It’s like moving to a foreign country. Expect a few months of annoyance, then the transition will feel seamless. I use a PC at work and a Mac at home, and I no longer notice when I switch from one OS to the other.

    Plus, you can add a “right click” function to your Mac mouse.

  3. Nancy King Bernstein Says:

    a) what Mary said; and b) there’s right clicking on Mac mice now too… need to learn to use your fancy trackpad (and/or get a mouse–I couldn’t live without my mouse….) All right-click stuff available on macs now too, and any control-whatever keyboard commands you used to do are just command-whatever now…. You’re just annoyed because you’re annoyed. You’ll love it soon, promise. xx

  4. Nancy King Bernstein Says:

    sorry, misattributed everyone above’s advice. Foodie told you about the cut & paste & Mary already about the right-clicking. Apologies to all. And Ilana: let yourself have fun!!!

  5. Nat Kuhn Says:

    Sam is the big hero here!! I started with a 128K Mac with one floppy drive back in the early 80s. Sometime in the 90s I switched to a PC because Windows had in fact copied most Mac features and Apples didn’t seem worth the extra bucks. I switched back in 2007 when my IBM laptop died and I was extremely frustrated with PC video-editing software.

    Steve Jobs is a design genius and if you want to do what Steve Jobs wants you to do, the Mac is awesome! If not, there may be some painful adjustments.

    1) He should bite the bullet on the two-button mouse, and make them standard on Macs. But no, that would involve saying he made a mistake at some point. Buy any USB two-button mouse and plug it in, it will work fine. It will not feel as good as the Apple mouse. Oh well. But it will save you having to move your other hand to the keyboard to hit the control key.

    2) There is still plenty of software that either doesn’t exist for the Mac, doesn’t work well on the Mac, or would involve shelling out a lot of bucks to re-purchase software you already own for the PC. If any of this applies to you, I high recommend VMWare Fusion. It will let you run Windows software on your Mac without having to turn off your machine and turn it back on. While you think it over, don’t throw out your Windows re-install disks from any of your old PCs. VMWare is one of the most solid, reliable, well-designed pieces of software I’ve ever used. Windows XP running on my Mac is at least as stable as it was on my IBM laptop. You could install it yourself, but it might be a fun project for Sam. (Recommendation: install it directly, don’t make a Boot Camp partition and then try to convert; also, if your old Windows install disks don’t work, you should be able to buy a new copy for about $100. You’ll also need to buy VMWare fusion, about $40 last I checked).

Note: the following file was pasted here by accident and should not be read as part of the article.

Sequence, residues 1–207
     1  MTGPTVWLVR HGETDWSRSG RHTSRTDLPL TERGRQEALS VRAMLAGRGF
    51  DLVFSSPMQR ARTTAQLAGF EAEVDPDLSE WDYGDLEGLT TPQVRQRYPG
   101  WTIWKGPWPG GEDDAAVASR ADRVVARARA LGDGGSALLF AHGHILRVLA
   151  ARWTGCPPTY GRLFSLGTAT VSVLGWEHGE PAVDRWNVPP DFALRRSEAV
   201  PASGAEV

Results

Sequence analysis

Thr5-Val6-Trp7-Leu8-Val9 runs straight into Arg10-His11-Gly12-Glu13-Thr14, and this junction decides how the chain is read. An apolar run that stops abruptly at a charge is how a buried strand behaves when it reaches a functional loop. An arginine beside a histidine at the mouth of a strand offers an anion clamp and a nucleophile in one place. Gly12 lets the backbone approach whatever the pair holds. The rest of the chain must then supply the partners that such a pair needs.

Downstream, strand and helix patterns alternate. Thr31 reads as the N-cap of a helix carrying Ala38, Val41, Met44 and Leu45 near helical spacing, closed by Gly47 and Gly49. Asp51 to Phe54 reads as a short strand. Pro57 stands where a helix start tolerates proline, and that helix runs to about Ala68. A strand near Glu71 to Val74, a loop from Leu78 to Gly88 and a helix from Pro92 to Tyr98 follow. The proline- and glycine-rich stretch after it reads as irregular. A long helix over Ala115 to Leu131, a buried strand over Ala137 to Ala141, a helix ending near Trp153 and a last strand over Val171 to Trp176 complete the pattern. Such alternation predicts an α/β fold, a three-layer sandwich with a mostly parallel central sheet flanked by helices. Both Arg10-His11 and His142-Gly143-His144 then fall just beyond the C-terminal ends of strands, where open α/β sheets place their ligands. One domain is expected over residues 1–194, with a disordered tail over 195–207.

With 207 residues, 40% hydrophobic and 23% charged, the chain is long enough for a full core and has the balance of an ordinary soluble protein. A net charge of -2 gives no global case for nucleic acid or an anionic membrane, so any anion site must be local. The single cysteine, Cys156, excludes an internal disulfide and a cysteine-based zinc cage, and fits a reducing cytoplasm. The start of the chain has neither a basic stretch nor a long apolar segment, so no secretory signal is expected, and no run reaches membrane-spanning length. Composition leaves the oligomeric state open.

The Mac really is better-designed system, I hope you come to love it!

    Meanwhile, think of what it would have been like to lose your novel, and do something really, really, nice for Sam! (And for yourself, for listening to him instead of blowing him off).

    • Ilana DeBare Says:

      Thanks Nat! You are right. I will think of some way to show appropriate appreciation to Sam…. beyond buying a steak to grill for him when he gets back from riding the Grizzly Peak century today. :-)